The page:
Yesterday I made a new best friend. Her name is Kate Walker. She is a national and international award-winning power lifter and an optimistic and vivacious individual. She’s 63 years old. And we are so much alike.
I interviewed Kate yesterday for a Vox story I am writing about a Columbia-based program called Older Women On Weights, or OWOW. Kate has been competitively powerlifting for six years. She was a dancer through high school and college, graduating from Stephens College’s dancing program. After dancing took a toll on her body, she became less active, but not for long. After taking up weight training to gain back her physical strength, Kate began to compete in powerlifting competitions and has won in her age and weight class at international competitions. As we talk, she tells me she’s even been featured in Sports Illustrated. I remain professional and thoroughly interested throughout the interview until we are finished with the preliminary questions and I start hearing Kate describe my personality as she tells me about herself.
To clarify, being a buff weight lifter is not the charactersitc that Kate and I have in common. I’m lucky if I can add weight to a 45-pound bar. The human things, the way we seem to work in this world, though, are almost identical.
As Kate talked about competition, she told me how much she enjoys lifting by herself because at times, she just likes her space.
“Don’t get me wrong, I like people,” she says. “Sometimes, though, I just can’t do it.” At this point, I start nodding fervently.
“I’m just an intense person,” she tells me.
This is where I can’t hold it in. I tell her all about how my friends and family have always identified me with that same word. Kate tells me that she can tell I’ve used that energy toward good things and not to worry. She says she’s learned to do this in her life by encouraging and motivating those around her through her own drive for success. She tells me that she uses that drive in the weight room, and likes to work out alone in silence, where she feels she knows herself best. I tell her that’s why I run, to know myself better in those precious minutes of solitude.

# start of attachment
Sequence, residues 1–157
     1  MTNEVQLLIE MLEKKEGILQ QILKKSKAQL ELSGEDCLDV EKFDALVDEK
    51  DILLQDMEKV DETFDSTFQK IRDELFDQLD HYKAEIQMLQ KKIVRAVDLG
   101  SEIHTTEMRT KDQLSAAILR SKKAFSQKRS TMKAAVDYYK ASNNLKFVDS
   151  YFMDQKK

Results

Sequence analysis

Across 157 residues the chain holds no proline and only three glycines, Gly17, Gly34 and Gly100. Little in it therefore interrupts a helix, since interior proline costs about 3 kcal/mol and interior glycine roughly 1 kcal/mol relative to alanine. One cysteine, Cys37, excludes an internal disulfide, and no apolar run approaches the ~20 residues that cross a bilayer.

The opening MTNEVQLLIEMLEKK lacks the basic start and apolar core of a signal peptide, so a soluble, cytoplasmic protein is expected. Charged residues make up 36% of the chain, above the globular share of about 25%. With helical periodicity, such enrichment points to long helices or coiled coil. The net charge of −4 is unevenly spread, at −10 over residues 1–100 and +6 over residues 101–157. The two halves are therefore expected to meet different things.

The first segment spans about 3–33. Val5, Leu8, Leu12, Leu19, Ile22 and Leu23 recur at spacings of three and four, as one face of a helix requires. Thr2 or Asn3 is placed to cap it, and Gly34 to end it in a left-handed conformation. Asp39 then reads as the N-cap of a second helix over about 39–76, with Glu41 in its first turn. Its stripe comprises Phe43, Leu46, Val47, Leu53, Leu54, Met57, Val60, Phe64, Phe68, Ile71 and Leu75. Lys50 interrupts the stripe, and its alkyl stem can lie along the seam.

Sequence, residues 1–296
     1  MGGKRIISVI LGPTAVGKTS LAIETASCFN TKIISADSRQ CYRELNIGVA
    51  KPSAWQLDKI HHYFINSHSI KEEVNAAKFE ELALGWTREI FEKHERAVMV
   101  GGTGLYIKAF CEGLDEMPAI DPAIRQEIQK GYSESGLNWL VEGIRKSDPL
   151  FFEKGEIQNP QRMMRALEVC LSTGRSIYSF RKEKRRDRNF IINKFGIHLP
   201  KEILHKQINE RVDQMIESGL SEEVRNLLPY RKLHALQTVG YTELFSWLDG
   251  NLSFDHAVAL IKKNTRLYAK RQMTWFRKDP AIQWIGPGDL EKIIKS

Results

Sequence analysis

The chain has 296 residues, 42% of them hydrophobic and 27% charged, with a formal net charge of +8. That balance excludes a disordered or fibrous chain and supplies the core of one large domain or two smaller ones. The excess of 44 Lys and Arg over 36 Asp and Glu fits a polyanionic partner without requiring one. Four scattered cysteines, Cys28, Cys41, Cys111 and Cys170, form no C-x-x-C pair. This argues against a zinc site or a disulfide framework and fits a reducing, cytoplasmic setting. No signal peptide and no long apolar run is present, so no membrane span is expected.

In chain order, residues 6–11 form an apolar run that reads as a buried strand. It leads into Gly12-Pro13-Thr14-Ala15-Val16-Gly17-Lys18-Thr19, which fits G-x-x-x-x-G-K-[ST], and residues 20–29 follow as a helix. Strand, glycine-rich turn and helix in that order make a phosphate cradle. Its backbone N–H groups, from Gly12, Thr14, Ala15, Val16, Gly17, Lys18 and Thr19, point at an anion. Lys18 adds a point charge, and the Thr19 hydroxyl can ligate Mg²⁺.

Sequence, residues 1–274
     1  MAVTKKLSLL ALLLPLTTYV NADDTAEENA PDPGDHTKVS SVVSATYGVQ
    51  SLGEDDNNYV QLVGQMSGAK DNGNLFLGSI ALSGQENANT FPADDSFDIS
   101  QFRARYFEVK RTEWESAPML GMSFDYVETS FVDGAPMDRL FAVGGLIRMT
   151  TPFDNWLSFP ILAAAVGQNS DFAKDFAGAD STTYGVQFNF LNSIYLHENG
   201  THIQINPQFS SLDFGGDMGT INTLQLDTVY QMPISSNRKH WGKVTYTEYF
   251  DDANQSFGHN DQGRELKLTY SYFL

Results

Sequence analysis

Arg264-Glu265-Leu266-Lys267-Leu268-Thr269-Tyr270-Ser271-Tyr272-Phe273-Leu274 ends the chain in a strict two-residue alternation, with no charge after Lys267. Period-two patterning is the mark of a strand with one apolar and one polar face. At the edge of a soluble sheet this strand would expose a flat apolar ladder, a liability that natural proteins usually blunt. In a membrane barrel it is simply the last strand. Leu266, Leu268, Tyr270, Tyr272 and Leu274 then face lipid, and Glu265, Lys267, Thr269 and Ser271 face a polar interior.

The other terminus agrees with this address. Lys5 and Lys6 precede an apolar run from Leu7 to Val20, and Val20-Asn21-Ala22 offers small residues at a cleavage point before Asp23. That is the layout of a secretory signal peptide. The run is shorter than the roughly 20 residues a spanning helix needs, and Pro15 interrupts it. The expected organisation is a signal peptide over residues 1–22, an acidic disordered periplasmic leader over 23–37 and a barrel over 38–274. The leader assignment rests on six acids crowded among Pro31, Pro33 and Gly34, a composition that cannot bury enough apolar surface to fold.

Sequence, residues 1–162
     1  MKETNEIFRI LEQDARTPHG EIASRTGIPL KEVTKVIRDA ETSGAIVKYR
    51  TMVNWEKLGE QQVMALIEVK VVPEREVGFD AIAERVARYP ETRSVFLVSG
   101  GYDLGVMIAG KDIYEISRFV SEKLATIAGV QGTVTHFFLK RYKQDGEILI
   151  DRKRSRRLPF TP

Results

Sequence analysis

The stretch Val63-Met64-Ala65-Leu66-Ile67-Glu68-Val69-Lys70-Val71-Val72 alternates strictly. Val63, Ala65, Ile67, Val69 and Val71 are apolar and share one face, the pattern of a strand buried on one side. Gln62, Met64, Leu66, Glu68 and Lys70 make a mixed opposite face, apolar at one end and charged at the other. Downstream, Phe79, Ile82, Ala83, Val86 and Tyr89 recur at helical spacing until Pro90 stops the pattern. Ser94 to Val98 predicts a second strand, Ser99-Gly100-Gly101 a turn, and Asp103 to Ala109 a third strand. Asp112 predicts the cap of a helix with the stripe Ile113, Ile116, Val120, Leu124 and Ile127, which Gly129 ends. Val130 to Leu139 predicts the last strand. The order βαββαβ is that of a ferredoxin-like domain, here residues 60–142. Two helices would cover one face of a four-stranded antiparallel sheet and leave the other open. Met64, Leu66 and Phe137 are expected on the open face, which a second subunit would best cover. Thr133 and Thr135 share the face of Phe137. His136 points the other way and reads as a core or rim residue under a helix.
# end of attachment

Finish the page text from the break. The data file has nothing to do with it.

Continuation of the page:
We talk about lighter things, like our quirks and naturally ungraceful walking habits. We joke about always finding the nearest hole to fall in or light pole to walk into. I tell her that my roommates have christened my regular stumbles as “Total Hilary Moves,” better known as “THMs.” She laughs out loud and nods, obviously empathetic.
After the interview, which quickly turned into quite the conversation, Kate tells me she would love to “go on a walk sometime” and tells me to keep her posted on my marathon training, which somehow slipped into our conversation as well.
I tell her this was one of the most rewarding interviews I’ve ever had. Not only did our fast friendship lead to detailed questions and answers for my story, but I’ve learned more about myself than I have in a while. It’s amazing how many personal gains can be made from a single conversation. Getting to know Kate was like meeting my 63-year-old self. And, it is clear that, by looking at all of Kate’s accomplishments, I will turn out just fine. I will probably never compete as an internationally recognized weight lifter, but I will be a fully functioning, poised adult someday. This is good to know.
Here’s to great sources, insightful interviews and new friends with similar souls.